Aiiotfit-r Trudi thu; (MUK'.
'There is a popular belief that tbe
negro knows how to handle a mule
better than a white man," said an
observant mau, ''bur, this belief is
erroneous. I am just from a sugar
plantation, where- some young mules
are being trained for the work that
they have to do during tho grinding
season, and 1 there observed that if
the overseer had not superintended
the training nome of the mules would
have been crippled. Now a planta
tion is tho best place to judgo a negro's
abilities in this respect, for tbero they
handle mules more then do any other
class of negroes. If the mule balks
while a negro is handling him the
mule will receive a good beating, and
this makes matters worse, for thc
more one beats a mule the worse he
generally gets. Thc animal becomes
stoical, and it takes something more
than blows to stir him. Still, thc
negro docs not think of anything but
this sort of punishment, provided he
alone has charge of thc mule. Some
time ago I came across a balking mule
and au infuriated negro. The negro
had dismounted-for he had been rid
ing the mule-and with a stout whip
handle was pout diug the mule for all
that his strength enabled him. Jf a
pebble or a small piece of rock is drop
ped into a mule's ear the animal will
run at breakneck speed. I thought of
this, and told tho negro to get into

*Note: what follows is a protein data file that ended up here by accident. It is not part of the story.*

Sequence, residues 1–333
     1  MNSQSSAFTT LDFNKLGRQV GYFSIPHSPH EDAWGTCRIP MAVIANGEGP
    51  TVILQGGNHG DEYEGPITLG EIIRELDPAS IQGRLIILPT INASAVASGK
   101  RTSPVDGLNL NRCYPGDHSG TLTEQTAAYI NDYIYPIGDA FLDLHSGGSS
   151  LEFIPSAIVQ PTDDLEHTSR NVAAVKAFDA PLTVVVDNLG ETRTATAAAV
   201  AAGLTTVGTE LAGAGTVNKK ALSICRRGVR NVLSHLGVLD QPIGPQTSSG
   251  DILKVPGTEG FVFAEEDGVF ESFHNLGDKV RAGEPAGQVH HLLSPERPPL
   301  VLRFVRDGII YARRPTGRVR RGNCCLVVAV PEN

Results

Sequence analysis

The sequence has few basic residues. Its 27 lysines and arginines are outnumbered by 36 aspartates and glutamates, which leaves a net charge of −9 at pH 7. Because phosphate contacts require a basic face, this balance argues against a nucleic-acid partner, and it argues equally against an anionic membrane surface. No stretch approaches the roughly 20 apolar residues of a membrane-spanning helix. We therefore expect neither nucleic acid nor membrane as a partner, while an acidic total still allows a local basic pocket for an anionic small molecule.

tho saddle. -
" 'He won't move, boss,' said the
negro, 'and he's been standing here
all mawnin' like he's dade.'
*'I secured a pebble and informed
the negro that if he would get on the
mule everything would go on well.
" 'Taint no use to do nawthin' DO
mo', an' I dun gib him up,' bc replied.
"I finally succeeded in getting him
to remount, and as he did so I dropped
the pebble in the mule's ear. The
animal threw his head us simultan
eously, then started' away as if Mexi
can Epurs were being punched into
his sides, while tho negro held on
with much difficulty. All I could
" 'Wonder what dat white man
<?onc dis here mule.' "-New Orleans
.V St run ge Meteorite.
Washington, Feb. 1-4.-A remarkable
meteorite, weighing 360 pounds, has
arrived at the National Museum. This
stone was recently fcund on a farm in
Christian county, Ky.
A member of the geological survey
who was sent to verify its genuineness
says that the rock contains combina
tions of clements that never could have
oome iuto existence on the earth. In
addition to this fact while the meteor
ite measures barely a foot and a half
in length or breadth, it is so heavy
it took several men to carry it. Sei